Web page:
BERLIN — Irish rockers U2 returned to Berlin for a free mini-concert Thursday in front of the Brandenburg Gate, playing its classic singles and a duet with Jay-Z even as the show was obscured from public view by a nearly 6-1/2-foot (two-meter) high metal barrier.
Bono greeted the crowd with the German words "Berlin, Du bist wunderbar!" (Berlin, you are wonderful!) and the band played a 30-minute, six-song set that featured "Sunday, Bloody Sunday," "One" and "Beautiful Day."
Rapper Jay-Z appeared as a surprise guest and performed Bob Marley's "Get Up, Stand Up" with Bono.
The show, which was free to 10,000 ticket holders who snapped up the tickets online last week in just three hours, drew some controversy because of the barrier surrounding the gig.
Both Berliners and tourists alike saw the irony in building a wall around a concert dedicated to the wall that already has come down.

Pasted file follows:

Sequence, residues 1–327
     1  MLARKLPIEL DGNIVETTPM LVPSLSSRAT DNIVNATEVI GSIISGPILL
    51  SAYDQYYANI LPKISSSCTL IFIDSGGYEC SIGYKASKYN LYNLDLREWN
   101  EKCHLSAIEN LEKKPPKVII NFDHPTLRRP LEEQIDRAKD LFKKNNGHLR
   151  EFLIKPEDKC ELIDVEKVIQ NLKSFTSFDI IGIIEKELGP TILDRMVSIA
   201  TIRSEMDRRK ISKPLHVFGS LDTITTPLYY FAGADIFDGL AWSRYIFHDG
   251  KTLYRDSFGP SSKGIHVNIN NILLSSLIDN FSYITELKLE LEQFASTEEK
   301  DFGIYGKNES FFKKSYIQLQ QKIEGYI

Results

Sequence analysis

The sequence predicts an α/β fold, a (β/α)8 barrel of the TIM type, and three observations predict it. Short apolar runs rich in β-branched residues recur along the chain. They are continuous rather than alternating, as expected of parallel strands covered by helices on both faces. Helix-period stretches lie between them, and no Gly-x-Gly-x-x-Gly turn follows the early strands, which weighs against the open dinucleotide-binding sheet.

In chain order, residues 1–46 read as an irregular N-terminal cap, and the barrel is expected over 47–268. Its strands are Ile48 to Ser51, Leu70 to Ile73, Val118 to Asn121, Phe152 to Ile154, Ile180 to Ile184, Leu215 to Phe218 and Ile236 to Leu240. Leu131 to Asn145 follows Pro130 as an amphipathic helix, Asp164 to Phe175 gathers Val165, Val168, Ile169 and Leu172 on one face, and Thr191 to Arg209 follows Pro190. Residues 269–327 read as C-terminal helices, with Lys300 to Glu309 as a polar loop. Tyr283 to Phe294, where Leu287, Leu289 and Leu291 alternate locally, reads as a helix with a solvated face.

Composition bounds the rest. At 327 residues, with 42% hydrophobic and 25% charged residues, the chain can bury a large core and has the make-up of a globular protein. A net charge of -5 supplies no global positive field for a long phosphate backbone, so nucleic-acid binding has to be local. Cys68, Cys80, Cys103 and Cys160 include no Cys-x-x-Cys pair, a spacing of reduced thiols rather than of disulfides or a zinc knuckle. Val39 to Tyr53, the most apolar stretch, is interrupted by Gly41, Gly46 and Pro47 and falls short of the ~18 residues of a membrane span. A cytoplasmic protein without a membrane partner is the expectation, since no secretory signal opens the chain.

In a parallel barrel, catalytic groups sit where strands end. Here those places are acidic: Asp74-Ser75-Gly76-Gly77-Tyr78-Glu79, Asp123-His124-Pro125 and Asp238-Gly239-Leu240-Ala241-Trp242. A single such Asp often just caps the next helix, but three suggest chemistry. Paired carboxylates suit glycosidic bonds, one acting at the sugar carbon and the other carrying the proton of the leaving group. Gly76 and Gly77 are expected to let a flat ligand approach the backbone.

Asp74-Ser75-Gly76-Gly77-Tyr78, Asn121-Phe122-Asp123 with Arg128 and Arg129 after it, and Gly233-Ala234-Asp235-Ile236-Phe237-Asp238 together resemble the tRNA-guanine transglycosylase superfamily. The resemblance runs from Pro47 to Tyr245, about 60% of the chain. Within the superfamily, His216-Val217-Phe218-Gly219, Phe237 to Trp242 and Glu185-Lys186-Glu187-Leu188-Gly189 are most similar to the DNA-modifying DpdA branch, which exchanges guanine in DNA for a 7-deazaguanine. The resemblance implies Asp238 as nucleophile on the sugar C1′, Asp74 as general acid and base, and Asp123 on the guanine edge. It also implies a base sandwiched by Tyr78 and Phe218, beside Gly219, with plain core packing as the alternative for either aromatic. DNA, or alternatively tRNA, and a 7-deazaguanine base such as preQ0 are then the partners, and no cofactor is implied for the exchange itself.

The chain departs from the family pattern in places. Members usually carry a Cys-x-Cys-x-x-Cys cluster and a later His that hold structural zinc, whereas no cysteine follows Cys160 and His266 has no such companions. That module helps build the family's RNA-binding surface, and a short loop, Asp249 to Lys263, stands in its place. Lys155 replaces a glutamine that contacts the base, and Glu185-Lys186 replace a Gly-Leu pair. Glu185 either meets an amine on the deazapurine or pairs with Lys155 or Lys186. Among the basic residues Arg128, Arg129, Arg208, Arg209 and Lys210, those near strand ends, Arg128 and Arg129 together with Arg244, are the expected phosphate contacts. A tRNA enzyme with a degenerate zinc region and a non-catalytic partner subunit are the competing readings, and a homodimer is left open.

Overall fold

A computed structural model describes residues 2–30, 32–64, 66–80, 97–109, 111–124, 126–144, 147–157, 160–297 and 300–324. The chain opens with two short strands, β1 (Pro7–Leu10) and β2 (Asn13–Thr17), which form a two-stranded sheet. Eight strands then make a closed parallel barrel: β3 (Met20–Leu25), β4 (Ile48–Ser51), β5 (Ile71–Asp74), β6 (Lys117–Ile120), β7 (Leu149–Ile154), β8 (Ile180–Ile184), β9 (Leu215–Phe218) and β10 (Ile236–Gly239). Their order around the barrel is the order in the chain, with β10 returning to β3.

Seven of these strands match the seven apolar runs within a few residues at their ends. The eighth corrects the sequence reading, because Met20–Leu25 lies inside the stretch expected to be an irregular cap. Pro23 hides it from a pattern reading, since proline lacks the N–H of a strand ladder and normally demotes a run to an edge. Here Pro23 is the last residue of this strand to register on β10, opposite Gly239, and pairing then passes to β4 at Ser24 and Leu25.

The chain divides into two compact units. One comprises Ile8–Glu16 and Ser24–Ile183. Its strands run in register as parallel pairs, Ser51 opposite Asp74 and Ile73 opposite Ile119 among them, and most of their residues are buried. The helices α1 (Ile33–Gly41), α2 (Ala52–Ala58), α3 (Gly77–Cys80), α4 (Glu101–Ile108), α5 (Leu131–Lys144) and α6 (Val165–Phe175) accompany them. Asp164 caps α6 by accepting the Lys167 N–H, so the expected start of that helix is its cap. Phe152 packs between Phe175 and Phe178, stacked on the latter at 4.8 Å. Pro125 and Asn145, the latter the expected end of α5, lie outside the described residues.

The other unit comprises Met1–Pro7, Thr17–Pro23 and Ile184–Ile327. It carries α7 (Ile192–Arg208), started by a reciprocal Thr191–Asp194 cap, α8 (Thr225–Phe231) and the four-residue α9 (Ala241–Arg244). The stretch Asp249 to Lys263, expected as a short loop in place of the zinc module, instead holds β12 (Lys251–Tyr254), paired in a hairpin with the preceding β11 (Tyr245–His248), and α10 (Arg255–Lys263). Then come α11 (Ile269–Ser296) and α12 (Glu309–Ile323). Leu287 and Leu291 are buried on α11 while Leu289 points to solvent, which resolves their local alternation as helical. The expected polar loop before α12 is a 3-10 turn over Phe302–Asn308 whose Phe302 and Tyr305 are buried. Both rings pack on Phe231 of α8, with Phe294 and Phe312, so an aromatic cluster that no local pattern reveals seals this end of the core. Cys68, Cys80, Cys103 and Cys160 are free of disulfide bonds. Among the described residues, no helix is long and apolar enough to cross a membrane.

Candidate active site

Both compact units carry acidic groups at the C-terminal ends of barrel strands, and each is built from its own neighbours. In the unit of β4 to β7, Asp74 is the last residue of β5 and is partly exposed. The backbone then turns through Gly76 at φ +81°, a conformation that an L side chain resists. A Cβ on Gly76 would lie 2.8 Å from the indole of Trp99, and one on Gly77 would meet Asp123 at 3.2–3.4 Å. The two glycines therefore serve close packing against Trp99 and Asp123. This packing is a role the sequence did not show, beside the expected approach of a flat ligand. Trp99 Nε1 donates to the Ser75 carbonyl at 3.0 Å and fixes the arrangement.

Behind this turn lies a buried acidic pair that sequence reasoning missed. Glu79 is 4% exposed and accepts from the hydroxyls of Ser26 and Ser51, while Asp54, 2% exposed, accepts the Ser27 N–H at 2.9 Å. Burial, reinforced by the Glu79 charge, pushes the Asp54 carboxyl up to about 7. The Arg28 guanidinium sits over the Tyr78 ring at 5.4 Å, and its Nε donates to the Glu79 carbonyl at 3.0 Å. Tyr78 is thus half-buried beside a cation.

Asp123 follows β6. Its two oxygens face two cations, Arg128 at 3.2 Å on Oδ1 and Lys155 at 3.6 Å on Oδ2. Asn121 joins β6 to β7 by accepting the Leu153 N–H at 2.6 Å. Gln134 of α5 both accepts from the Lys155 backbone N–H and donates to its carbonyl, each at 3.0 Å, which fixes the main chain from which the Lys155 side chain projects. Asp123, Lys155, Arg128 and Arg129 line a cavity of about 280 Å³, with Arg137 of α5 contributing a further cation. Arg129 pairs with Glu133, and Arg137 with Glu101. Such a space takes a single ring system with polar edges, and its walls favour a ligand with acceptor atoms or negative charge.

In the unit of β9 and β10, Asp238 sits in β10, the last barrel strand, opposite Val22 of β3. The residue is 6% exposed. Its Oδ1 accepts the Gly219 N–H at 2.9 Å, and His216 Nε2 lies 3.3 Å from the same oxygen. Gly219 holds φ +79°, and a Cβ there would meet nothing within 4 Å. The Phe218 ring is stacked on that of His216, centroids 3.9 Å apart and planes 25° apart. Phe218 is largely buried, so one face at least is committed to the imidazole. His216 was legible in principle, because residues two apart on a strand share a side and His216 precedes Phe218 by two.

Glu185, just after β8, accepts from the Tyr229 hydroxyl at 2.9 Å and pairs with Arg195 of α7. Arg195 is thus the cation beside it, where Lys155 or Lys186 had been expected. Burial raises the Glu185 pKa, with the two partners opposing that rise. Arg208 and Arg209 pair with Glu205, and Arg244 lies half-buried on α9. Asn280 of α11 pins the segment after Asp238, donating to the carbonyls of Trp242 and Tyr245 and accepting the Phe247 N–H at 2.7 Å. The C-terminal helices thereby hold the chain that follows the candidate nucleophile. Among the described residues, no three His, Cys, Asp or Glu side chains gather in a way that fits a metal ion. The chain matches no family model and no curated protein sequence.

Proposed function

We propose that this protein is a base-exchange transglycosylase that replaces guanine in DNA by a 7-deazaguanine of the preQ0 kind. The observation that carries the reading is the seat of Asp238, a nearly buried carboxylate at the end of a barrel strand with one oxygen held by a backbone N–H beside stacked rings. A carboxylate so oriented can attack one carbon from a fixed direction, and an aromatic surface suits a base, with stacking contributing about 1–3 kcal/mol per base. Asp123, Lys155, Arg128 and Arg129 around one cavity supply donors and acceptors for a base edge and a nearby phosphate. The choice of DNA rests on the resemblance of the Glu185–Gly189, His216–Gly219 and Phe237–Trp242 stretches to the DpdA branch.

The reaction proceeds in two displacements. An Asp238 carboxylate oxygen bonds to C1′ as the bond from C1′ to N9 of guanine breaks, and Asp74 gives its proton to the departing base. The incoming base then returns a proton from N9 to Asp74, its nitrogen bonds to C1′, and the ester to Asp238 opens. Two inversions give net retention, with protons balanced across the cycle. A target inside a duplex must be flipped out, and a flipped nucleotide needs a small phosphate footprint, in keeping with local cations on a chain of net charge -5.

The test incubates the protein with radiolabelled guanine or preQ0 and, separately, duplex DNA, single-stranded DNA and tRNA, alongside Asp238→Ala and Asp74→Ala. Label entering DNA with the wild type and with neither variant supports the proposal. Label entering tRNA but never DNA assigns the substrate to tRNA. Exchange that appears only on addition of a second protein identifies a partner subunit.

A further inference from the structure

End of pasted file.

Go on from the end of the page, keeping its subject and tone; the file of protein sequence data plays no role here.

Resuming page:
"It's completely ridiculous that they are blocking the view," said Louis-Pierre Boily, 23, who came to Berlin even though he failed to get U2 tickets. "I thought it's a free show, but MTV probably wants people to watch it on TV to get their ratings up."
Boily, from Quebec City, was among several hundred people who gathered earlier in the day against the new fence, which was draped with a white tarp that blocked the view of the stage from the street. Some fans already were trying to tear down the tarp before the concert.
The music network MTV, which organized the concert, said it worked with the local promoter, the city and Berlin police to install a temporary fence "around the site to ensure the safety and security of the attendees at the event as well as residents and businesses in the area."
U2's publicist RMP refused comment about the barrier.
Parts of U2's performance were later televised as part of MTV's European Music Awards. The band also picked up the show's award for best live act.
The Berlin Wall fell on Nov. 9, 1989, ending almost 30 years of Cold War division between the communist East and the democratic West. Throughout those decades, the Brandenburg Gate stood just inside East Berlin.
In 1988, musicians such as Pink Floyd and Michael Jackson performed in a three-day "Berlin Rock Marathon" on the western side of the concrete barrier, with the landmark as a backdrop.
Concertgoers in the West hurled bottles and firebombs at the wall, while some 2,000 youths gathered on the eastern side to listen, many shouting "The wall must go!"
(This version CORRECTS title to 'One' sted 'One Love.')